The Solemn Sequoia

by Alex Schweich

The storms it weathered. Standing tall and strong in silent solidarity with its sisters, tinted reddish-brown from ceaselessly bearing witness to the setting sun. Reinforcing its foundations layer by layer over hundreds of years, the ramparts sheltered its vulnerable veins from the barrage of heat, cold, rain, snow. Stretching towards the heavens, the lattice of branches, each as wide as a man is tall, rustled by the whistling wind. An occasional creak or moan, some solemn secret whispered in a language known only to the forest. Steadfast, resolute, a monument driven into the granitic soil of the Sierra Nevada range.

Or so it once was. The branches now were dry, parched, withering despite their hefty size. A flock of birds ceased their singing, disrupted by an indiscernible tremor coursing through the gnarled limbs. Leaves released their delicate hold, slowly fluttering to the ground. At times, the aged Sequoia seemed to sway, succumbing to a spell of vertigo reserved only for creatures who could think and speak. The vibrant hum of the natural world was proof of that consciousness, an esoteric awareness that linked its being to the subtle breath of the planet. The Sequoia could flourish or wilt, shed a teardrop of sticky sap or lift its branches into the curve of a smile. The Sequoia could speak in these ways, but no one bothered to listen, so the wizened tree appeared to them silent.

An airy melody floated up on the breeze. It came from a boy waltzing far below through the undergrowth, a lighthearted hum that resonated in the Sequoia’s bones. Something that captured the visual awe—that pastel blend of luscious colors—with the sounds of seclusion and peace, those ephemeral moments when a bird sang or a footstep crunched on a fallen leaf—the kinds of melodies usually found only in the heart of this range-bound woodland. The gentle murmur was a beautiful thing to behold, but the boy kept it to himself under the volume of a whisper. Little did he know that a lonely tree was listening, wishing that its own refrain could be heard in turn.

The evening was growing tired, the sun slipping past the peaks on the horizon. Close behind the boy followed a father, a mother, and their daughter. With their arrival in the clearing, the boy stopped singing, much to the Sequoia’s dismay. It was more than that; the others brought a clamor, a strangled cacophony of garbled inflections mixed with aimless movements and meaningless chatter. There was no grace in the way they talked, filling a void with dialogue just so there wouldn’t be silence. The Sequoia longed to show them the beauty of a single moment of serenity, at least before its time was done. Something wondrous could be found in the stillness of its song.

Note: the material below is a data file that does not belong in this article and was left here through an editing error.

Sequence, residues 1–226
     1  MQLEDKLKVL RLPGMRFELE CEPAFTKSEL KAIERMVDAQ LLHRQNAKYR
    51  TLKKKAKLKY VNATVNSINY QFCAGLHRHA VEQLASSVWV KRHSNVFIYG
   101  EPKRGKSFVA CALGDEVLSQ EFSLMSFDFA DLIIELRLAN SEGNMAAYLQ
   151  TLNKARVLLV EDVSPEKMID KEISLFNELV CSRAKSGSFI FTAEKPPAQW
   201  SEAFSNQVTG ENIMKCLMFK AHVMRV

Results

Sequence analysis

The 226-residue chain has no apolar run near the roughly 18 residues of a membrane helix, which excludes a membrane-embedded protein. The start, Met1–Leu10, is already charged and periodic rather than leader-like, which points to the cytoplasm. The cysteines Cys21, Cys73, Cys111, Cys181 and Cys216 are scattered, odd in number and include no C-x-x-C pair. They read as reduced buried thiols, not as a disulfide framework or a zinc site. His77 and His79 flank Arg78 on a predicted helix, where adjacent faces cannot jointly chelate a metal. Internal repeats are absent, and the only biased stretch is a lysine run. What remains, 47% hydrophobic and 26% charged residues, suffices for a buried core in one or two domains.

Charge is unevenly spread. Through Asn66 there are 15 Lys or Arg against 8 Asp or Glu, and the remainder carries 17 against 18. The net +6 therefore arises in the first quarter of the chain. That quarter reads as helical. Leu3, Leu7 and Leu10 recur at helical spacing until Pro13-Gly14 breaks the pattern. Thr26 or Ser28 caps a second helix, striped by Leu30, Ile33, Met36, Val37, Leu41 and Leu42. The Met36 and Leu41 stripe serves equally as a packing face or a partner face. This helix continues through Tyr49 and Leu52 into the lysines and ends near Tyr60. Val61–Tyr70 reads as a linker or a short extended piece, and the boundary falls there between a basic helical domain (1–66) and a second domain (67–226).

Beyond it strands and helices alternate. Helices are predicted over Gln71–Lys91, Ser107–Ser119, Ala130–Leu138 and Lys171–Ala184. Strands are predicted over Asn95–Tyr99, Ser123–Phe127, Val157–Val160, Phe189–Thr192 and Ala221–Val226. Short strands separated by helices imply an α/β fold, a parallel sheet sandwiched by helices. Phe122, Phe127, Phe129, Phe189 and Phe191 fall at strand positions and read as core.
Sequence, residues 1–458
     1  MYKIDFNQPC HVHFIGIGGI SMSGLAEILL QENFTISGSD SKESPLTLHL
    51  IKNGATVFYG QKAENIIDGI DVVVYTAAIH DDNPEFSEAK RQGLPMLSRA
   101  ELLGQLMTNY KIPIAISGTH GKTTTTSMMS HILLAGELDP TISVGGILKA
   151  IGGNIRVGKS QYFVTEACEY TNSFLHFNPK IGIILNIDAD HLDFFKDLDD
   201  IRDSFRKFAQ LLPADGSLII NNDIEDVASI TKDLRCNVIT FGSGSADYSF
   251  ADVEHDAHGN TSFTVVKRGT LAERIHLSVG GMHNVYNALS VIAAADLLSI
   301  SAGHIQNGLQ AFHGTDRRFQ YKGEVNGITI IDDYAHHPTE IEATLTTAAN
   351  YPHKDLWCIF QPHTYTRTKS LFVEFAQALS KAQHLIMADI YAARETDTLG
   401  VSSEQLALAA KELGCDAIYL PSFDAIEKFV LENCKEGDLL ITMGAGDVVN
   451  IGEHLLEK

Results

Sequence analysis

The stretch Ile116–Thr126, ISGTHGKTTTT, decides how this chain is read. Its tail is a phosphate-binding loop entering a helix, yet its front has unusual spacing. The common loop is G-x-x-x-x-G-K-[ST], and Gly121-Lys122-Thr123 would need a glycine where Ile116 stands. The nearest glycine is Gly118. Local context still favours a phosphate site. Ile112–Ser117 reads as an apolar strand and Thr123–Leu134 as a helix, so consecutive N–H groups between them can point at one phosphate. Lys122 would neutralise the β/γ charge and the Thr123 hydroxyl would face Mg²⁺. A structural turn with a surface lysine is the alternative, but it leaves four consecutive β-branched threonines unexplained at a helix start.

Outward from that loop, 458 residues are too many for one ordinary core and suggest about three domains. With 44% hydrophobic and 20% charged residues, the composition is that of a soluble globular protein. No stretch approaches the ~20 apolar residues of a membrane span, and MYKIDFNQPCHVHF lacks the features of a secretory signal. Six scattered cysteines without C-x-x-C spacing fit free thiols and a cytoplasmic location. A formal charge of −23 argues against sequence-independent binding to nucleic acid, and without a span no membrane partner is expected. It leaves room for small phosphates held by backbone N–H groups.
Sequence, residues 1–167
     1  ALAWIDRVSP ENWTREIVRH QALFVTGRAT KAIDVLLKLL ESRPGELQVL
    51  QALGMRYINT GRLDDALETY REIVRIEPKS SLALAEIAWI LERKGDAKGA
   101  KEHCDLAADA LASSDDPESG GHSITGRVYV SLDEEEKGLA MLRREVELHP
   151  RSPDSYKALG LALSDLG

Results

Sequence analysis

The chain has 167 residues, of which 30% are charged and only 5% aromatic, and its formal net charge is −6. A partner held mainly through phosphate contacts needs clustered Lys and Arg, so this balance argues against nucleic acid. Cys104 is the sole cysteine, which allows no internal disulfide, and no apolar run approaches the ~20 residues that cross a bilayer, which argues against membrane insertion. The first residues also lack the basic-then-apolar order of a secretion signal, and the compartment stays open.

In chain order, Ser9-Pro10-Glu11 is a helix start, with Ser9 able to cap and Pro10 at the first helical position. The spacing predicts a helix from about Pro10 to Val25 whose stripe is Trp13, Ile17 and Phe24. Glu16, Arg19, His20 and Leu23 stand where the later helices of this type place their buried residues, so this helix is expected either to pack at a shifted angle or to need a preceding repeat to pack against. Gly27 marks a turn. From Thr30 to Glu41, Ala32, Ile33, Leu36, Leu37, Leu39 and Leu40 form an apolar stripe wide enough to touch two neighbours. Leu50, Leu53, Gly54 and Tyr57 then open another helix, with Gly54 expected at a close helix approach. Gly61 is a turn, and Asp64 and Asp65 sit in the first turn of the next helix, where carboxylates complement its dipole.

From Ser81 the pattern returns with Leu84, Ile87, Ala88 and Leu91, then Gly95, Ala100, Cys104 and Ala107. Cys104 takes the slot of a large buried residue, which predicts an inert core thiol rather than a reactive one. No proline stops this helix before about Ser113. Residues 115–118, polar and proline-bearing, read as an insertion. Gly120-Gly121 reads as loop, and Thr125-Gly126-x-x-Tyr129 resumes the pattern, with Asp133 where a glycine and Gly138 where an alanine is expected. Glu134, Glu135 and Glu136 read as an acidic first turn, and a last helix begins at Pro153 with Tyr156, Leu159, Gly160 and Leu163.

After setting up their own shelter in the middle of the clearing, the parents pitched a tent for the children, searching for a protective awning that could guard them from the chill of the incoming twilight air. They found such solace under a thick, foliaged arm extending from the massive trunk of the Sequoia, fingers dressed in leaves reaching towards a distant companion. The wiry limbs of the ancient tree groaned an almost harmonious tune—yet haunting, as if to scream, “Get away,” in a language foreign to the family. Its leaves rustled violently, begging for just a few feet to the left, but the outburst was disregarded.

After settling into his sleeping bag below the tree’s fearful gaze, the boy began humming quietly once more. The Sequoia tried to squeeze out whatever moisture it had left—just enough for a single precious drop to slide down its face.


The night was bare and devoid of sound, save for a creaking like that of a rusted hinge and a distant melody whispered far below. A yawning and moaning, the strain of supporting a burden three thousand years old. The sorrowful Sequoia mourned the hazy hum of the boy’s musical arrangement seeping through the porous fabric of the tent, wafting upwards until it brushed the edge of the canopy, waiting to evaporate.

It almost seemed like the boy’s song could mend the frail limbs, but the weight of time’s end was too much to bear. As the dry rot severed the last few fibers clinging to its trunk, the exhausted branch plummeted with a merciless whoosh and a deafening crash, followed by absolute silence that even the parents’ agonized screams couldn’t break.

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